.:24:. To Err.

lemonplant

:: when life gives you a lemon plant, have patience and watch those lemons grow!


During pregnancy or preparing for baby and the first years that follow, parents turn into walking talking teaching machines (and many years after). Trying to avoid error in parenting, perhaps? Unfortunately, error is inevitable.

| To err is human; to forgive is divine.” |                            – Alexander Pope

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Well, thank you Mr. Pope but forgiveness to oneself can be difficult and doesn’t feel very divine when I can’t seem to figure out my newborn’s needs, when I’m up all night with an uncomfortable child who can’t tell me what’s wrong, when a kiss on a boo boo is not the answer, when I first heard the words, “I don’t want you, mama.”

>Where did I go wrong? <<

What happened to my machine… that teaches “right” and “best”. How did I err and why does it not feel human?

This is so easy to think and so easy to point the finger at yourself. “Going wrong” is just not the route I thought I took. From the start I did what I was suppose to do.

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Per the suggestion of some psychologist somewhere I remember reading children’s books out loud while my little girls developed inside me. Even before that I quickly had my hands on parenting books – making sure my husband and I were well prepared to raise smart, curious and wonderful little people.

>This is where I went wrong.<<

Well, kind of. I’m not saying being prepared, educated and excited is wrong but…

I didn’t allow myself to just be. I found myself referencing every “how-to” book and following steps like a puppet. When I let certain things work themselves out and I relied on my gut for answers – those were the moments we I learned so much more. To watch in awe as their little brains developed. Physiological and emotional growth cannot be fully controlled by anyone else, but that being. It’s a beautiful thing that we (parents) think we have so much control over. We have a little more control at the beginning and then we pray (really hard), that are teachings help them decide what is “right” and “best” as they go from scooting to running a marathon right before out eyes. While they are figuring it all out… they will ERR and it will be ok – especially if we are there to tell them that it’s all ok because they are HUMAN.

We don’t get a report card to see how we’re doing with our children. We don’t get to meet with a coach who high fives us for our victories or benches us for our faults. What we get is this…

>without request, unprompted<< children who say “I wub you mama”. who look you in the eyes and say “thank you”… and then “you’re welcome” – because that’s how they hear it ☺️.  Who joyfully sing their ABCs and really everyother song you sing together. Who surprise you by counting past 10 one day (did I teach them that?) and curiously ask and tell me what color everything in the world is.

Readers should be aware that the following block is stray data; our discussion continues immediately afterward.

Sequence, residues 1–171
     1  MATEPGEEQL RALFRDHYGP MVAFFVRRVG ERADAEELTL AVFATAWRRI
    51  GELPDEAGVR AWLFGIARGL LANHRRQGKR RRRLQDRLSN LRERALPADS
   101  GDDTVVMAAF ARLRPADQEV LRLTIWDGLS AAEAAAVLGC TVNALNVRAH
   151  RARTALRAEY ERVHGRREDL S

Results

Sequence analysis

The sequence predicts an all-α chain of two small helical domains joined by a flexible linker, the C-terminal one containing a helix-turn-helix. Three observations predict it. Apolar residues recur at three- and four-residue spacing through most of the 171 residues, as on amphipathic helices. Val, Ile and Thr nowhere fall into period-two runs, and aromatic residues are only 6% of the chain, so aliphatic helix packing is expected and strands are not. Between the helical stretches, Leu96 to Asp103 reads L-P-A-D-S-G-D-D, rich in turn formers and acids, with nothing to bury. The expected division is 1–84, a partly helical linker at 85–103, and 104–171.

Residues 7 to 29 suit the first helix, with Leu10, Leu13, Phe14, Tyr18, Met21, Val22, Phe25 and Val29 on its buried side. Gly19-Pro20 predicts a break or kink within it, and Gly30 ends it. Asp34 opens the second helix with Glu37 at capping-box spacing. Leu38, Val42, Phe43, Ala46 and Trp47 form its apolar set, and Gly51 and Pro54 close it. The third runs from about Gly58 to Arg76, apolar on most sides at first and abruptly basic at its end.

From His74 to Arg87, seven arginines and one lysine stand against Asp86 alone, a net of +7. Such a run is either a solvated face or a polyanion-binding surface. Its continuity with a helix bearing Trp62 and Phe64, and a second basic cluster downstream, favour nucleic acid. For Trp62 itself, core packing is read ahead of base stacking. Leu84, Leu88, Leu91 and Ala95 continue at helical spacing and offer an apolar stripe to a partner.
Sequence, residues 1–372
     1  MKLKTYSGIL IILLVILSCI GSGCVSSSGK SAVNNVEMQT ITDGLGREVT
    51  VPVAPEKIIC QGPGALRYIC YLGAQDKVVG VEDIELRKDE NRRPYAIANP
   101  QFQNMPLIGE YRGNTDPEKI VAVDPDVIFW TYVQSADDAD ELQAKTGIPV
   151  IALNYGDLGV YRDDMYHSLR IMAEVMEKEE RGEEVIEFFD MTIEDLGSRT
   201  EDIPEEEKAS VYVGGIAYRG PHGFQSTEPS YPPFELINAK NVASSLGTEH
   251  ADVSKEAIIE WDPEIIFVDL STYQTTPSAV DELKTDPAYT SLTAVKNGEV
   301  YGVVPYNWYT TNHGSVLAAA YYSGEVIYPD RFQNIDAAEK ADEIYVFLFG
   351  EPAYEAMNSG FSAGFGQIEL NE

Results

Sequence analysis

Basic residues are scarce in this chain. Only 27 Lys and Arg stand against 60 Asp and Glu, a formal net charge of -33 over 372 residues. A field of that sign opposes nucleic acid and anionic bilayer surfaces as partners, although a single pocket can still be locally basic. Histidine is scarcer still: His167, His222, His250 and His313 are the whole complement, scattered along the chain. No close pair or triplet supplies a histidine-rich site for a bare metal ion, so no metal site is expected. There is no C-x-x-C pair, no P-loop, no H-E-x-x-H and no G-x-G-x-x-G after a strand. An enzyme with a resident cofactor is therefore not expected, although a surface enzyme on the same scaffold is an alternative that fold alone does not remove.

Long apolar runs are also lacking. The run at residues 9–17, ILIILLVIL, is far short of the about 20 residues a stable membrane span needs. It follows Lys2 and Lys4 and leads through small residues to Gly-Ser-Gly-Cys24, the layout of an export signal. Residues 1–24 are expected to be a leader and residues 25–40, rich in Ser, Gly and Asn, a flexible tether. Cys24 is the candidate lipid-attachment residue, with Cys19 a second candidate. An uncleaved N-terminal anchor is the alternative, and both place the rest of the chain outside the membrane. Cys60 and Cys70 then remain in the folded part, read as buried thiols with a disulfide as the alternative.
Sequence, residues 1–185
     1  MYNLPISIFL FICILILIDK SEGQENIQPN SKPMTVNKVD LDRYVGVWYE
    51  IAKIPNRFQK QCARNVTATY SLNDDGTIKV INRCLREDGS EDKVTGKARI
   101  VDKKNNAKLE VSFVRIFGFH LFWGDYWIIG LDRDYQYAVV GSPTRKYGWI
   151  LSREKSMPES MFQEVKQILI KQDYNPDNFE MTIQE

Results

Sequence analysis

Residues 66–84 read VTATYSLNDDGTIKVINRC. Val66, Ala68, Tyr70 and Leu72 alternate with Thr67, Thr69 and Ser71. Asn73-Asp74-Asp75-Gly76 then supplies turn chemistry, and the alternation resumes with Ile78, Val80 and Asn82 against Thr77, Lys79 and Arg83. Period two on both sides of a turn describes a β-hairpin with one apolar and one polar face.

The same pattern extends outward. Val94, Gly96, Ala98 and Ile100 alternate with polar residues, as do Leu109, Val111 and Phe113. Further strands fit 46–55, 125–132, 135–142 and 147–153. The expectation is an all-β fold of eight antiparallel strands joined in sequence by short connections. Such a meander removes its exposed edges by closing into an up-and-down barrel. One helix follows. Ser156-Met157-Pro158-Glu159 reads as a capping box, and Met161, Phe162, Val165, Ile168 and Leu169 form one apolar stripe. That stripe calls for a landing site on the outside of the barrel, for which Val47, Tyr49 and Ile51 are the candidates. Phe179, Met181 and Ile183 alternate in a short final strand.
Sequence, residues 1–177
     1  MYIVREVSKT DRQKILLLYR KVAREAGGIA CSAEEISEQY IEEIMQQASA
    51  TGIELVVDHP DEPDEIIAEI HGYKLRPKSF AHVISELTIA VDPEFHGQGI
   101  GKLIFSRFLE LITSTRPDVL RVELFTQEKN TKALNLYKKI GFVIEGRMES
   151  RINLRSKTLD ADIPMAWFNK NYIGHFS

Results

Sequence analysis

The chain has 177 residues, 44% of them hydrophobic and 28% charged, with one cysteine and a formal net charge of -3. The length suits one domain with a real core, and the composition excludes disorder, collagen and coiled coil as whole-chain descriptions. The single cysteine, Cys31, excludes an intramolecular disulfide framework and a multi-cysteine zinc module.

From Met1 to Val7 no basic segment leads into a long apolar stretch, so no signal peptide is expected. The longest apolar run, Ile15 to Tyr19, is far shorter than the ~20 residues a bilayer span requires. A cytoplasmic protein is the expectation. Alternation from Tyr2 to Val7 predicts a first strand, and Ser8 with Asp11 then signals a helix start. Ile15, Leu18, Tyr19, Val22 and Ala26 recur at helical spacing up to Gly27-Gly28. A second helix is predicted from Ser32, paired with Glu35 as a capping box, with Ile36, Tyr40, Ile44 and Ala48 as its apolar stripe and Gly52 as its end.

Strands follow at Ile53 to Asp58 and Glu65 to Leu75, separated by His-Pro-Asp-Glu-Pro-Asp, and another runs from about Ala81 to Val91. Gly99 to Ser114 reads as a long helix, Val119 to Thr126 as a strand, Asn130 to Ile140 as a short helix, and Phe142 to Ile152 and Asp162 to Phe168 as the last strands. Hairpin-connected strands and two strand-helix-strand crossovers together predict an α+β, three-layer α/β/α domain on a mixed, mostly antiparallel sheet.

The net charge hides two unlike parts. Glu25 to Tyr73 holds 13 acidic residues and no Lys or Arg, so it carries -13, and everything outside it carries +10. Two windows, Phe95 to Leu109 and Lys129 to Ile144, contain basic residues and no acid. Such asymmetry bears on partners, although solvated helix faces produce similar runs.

They are determined to complete tasks on their own, gently pushing me away… This is new to me. I’m proud but a tiny bit sad that my babies have hit the ‘no mama, I can do it’ stage. They are particular when it comes to colors and specific when we choose books. Decisions are complicated but powerful. When they make one, their excited eyes delight with joy and confidence… “I will brush my own teeth, mama!” “No mama, I will read the book.” “I don’t need to hold your hand, mama.” “I can do it ALL by myself.” This confidence amazes me. They can’t be trusted to do all the above by themselves just yet, but I can’t get in the way of letting them err.  We’ve all heard this and have probably said it before but, they need to fail before they succeed. The common conflict and result from failure is the fear to keep trying, the fear that failure may occur again. We can’t allow this fear in our children and at the same time, we can’t allow this fear in ourselves. We are HUMAN and we need to watch our little ones err, praise them for trying and encourage them to continue, while showing them that we also err and keep going.

As a parent, the most difficult part for me is knowing that they can keep going through failure in all aspects of life. That they can forgive themselves and others who may fail. I will not always be there to offer a helping hand or a wise word when someone shames them for failing, when someone discourages them or denies them the ability to succeed. But I can give them the best tools to embrace err, positively respond to negativity, succeed in their own way and be happy and confident little people.

Thank you Mr. Pope for shedding so much light on us humans – even before your fellow innovator, Mr. Edison, brought us an actual light.

Now, I must get on with my day… embracing err along the way.

 

.:14:. It’s a New Year {for PATIENCE}

 

family

Tried to take a normal picture, then decided it was much easier to enjoy the moment.

As another year passes by and a bright + shiny year begins, I’d be remiss not to reminisce… Not just on the year that flew by, but also the year before that and many of the years prior.